Understanding Motivation: the use of Theories. Motivational Theories Groups of Theories, страница 5

Equity theory is most closely associated with the work of J. Stacy Adams. In essence, equity theory deals with exchange relationships among individuals and groups. The theory holds that, in deciding whether or not they are being treated equitably or fairly, people compare what they are giving to an organization to what they and others are getting from the organization, that is the theory matches the notions of "a fair day-work for a fair day's pay".

Equity theory is based on the belief that employees will take whatever actions are necessary to produce feelings of equity with respect to their jobs. All employees bring a certain set of inputs to their jobs in the form of education, previous work experience, etc., and all employees receive certain outcomes in the form of pay, benefits, job satisfaction, prestige, etc. Equity theory states that if a person perceives an imbalance between his or her job inputs and the resulting out­comes, then the person will take the actions necessary to produce a balance between job inputs and outcomes. The table below lists some of the typical inputs and outcomes that are involved in this comparison process.






Fringe benefits


Job status


Seniority benefits

Job effort

Working conditions


Job perquisites

An important point regarding equity theory is that an individual's feelings of equity are based on his or her perceptions of inputs versus outcomes. Naturally, these perceptions are heavily influenced by what the individual sees as the inputs and outcomes of others. For instance, an employee might feel good about his or her pay until he or she finds out that others doing the same job are receiving substantially higher pay.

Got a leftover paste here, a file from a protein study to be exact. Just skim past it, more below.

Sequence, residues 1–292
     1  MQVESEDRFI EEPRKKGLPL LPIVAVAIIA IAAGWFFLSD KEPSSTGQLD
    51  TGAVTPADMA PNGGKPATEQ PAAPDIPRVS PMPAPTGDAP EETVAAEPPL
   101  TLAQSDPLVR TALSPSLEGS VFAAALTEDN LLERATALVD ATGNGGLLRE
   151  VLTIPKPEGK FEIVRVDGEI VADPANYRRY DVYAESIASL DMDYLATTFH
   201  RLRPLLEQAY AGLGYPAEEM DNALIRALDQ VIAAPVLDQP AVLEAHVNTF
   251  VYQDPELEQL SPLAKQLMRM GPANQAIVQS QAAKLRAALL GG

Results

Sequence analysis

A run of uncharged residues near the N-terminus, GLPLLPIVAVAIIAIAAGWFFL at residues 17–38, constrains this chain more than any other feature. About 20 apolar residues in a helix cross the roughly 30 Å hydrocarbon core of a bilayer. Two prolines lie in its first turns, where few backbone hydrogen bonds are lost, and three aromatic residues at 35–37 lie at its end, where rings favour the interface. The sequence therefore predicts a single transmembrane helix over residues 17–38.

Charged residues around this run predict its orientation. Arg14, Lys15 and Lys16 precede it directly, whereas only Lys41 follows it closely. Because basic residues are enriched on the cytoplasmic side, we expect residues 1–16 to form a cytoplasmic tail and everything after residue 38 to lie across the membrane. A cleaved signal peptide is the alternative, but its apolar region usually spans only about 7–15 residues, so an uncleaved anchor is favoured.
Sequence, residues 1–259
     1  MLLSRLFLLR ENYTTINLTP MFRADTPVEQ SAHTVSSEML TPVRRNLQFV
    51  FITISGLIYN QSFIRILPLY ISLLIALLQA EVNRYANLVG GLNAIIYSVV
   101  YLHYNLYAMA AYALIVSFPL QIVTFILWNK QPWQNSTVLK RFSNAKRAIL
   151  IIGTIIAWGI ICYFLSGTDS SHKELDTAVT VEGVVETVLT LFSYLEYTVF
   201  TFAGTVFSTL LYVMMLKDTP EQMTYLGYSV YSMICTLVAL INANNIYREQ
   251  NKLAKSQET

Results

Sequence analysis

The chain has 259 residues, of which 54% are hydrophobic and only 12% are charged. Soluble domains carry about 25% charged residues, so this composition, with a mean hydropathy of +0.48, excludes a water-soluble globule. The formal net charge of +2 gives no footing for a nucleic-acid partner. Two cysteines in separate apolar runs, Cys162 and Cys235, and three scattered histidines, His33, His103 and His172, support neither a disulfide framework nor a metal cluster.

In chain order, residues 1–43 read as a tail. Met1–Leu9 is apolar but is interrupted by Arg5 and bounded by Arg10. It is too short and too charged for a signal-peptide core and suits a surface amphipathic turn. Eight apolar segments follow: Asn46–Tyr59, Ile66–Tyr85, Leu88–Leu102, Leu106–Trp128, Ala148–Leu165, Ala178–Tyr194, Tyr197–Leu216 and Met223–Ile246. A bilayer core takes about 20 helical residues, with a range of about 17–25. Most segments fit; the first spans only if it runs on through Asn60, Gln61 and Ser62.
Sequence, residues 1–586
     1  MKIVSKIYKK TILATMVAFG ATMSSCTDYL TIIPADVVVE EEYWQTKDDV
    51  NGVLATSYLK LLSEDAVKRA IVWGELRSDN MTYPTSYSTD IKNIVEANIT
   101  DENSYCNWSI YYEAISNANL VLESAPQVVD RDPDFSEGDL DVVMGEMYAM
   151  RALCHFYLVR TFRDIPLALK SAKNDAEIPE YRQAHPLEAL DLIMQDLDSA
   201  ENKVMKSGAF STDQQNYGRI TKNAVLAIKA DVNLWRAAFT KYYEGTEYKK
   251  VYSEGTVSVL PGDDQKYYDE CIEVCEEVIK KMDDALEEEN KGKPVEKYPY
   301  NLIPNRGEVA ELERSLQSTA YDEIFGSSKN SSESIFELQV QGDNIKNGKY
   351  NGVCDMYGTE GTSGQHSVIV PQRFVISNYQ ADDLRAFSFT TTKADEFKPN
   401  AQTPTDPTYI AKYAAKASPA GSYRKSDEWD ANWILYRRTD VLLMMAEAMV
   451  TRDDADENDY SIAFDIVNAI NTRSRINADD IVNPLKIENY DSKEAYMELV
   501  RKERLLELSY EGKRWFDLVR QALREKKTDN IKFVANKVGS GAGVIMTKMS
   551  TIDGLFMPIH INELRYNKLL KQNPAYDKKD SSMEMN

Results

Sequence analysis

When a person concludes that, in comparison to others, what he or she is giving to the organization is equal to what is being received, equity exists. When one side of the equation (either the input or the outcome) is larger, an imbalance exists. The person feels angry (because of being underrewarded) or guilt (because of being overrewarded).

For example, it is not unusual for an employee to feel that he or she is underpaid for what he or she does when compared to other employees. According to equity theory, such employee's effort would be reduced to balance the inputs and outcomes. Although it occurs much less frequently, it is possible for an employee to feel that the outcomes received outweigh the inputs. In this situation, equity theory postulates that the employee would work harder to balance the inputs and outcomes.

Thus, the theory focuses on perceptions of inequity in the output/input ratio. Inequity leads to tensions and motivations to restore the balance. There are several possible responses for the person affected by feelings of inequity:

•  Change outcomes: ask for more pay, different working conditions, or formal recognition with office, job title and responsibilities to match.

•  Change inputs: reduce (or increase) effort, attendance, commitment, training and so on.

•  Distort perceptions: distort the perceived difficulty or importance of jobs, or the rewards that flow from them.

•  Quit: find a new job with closer balance.

Much of the work on equity theory has centered around compensation Preference-Expectancy Theory